Much of the rumours about serious production declines are based Russia's production methods - specifically water flooding. Russia has a habit damaging fields with poorly managed water floods is a matter of the industrial system rather than a lack of knowledge of reservoir mechanics. Aggressive water floods can be very effective, most major oil fields (Ghawar and Prudhoe Bay) have been producing with support of water flooding for decades.
Water Flooding Explained
Water injection/Flooding/Recovery into an oilfield is a lot like alcohol: it can make a situation a lot better/worse, the rate at which you imbibe and location matters quite a lot.
After a well has been flowing under it's natural pressure drive for a period of time, reservoir pressure drops and hence flow rates drop. To maintain production, reservoir drive must be maintained and after the primary drive is depleted, drive is maintained by injecting water into the reservoir or water flooding. This is one of the oldest and most common production techniques in usage. Saudi Arabia's oil is produced primarily by water flooding as are many other fields around the world.
Oil has a greater viscosity than water and therefore flows less easily. When embarking on a water injection program (usually an imbibition process, as part of a greater EOR effort), maintaining a "piston-like" displacement of oil with the water is key. If to much water is pumped to quickly into the reservoir, the water will begin to "finger" it's way through the oil zone and those "fingers" will form water channels. Finally those channels will become the path of least resistance for the water to flow through the reservoir and the produced liquid will yield an exponentially growing water cut and finally the produced liquid will be all water.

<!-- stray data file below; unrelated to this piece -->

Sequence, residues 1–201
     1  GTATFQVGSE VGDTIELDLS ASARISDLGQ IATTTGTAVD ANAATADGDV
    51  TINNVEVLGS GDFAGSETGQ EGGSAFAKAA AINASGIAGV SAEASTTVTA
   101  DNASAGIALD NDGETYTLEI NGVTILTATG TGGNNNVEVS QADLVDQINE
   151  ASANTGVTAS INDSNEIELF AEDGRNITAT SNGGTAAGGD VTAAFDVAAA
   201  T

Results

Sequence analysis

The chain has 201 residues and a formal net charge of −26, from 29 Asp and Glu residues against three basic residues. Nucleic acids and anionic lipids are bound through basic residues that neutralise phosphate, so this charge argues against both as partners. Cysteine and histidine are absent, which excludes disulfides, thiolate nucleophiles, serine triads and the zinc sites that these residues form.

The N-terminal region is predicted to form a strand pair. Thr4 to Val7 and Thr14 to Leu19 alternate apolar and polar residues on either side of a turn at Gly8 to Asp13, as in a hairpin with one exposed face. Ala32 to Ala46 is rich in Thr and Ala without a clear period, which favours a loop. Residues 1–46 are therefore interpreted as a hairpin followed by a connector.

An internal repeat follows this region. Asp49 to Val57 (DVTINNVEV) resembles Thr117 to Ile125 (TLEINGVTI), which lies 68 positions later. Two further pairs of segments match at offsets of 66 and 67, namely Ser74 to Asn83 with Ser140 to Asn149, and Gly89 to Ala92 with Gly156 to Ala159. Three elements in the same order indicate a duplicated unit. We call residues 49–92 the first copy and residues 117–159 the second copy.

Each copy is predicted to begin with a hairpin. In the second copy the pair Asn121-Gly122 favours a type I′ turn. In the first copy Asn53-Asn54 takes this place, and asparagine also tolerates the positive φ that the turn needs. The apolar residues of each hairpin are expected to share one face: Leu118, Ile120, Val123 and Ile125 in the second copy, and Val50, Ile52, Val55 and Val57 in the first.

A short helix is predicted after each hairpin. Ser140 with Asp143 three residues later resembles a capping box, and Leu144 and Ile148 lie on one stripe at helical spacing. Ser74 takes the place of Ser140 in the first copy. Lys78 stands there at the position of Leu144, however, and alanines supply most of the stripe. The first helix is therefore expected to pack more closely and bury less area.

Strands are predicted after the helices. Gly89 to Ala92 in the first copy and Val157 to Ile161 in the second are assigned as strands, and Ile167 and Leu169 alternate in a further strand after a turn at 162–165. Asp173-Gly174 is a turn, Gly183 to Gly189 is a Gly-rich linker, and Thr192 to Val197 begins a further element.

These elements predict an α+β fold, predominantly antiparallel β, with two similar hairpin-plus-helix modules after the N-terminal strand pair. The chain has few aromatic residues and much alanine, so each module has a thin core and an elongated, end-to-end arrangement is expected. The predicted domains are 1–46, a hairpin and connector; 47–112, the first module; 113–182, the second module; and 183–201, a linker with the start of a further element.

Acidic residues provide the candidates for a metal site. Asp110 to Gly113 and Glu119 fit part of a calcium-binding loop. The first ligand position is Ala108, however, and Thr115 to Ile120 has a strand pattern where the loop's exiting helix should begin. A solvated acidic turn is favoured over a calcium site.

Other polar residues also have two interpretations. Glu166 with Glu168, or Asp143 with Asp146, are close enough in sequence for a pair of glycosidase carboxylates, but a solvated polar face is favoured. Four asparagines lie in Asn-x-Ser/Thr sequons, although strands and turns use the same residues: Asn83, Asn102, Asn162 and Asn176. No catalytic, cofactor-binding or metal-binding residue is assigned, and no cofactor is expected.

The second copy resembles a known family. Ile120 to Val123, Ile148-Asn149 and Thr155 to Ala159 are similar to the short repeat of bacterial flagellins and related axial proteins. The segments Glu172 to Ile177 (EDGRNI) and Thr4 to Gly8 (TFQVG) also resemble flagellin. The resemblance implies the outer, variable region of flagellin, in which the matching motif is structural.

Where the water is injected also is of significance. Fields have varying permeability (and other properties) and successful water flooding program depends on the key placement of injection wells. When a reservoir is over injected with water - water breakthrough has occurred, there is no going back/reversal of the damage.
It is possible to "rehabilitate" a damaged reservoir with exotic tertiary production techniques to coax the remaining oil out of the ground but often large "orphaned" oil zones are stranded despite the of efforts and the ultimate oil recovery from the reservoir is severely affected. Tertiary recovery techniques (injection of gas mixtures, hot water/steam, various chemical, Polymer solutions) are never cheap. Tertiary recovery is generally part of an EOR program and is last production phase of a mature/brown field. When the field has been previously damaged to the extent that many Russians fields have been, tertiary techniques are very risky and less likely to yield the desired production results.
Death by Quota
The USSR's Quota system placed emphasis solely on quantity than quality. If a factory met it's quota, bonuses would be rewarded. Therefore, Russian factories essentially did away with any and all constructs intended to enhance the final product (i.e. R&D and Quality Control) as no market "existed". Hence customers being happy mattered nothing and all efforts focused on meeting production quotas. (Sometimes ridiculously unrealistic, think Ukraine, think Stalin's 5 year plan)
The best example of this is Russia's steel industry. Fun fact: Russia was the World's biggest steel producer prior to the 1990's (who knew? China is now #1 in steel production). So how does a former "World's biggest steel producer" also capture the title of "World's sh*ttiest steel"?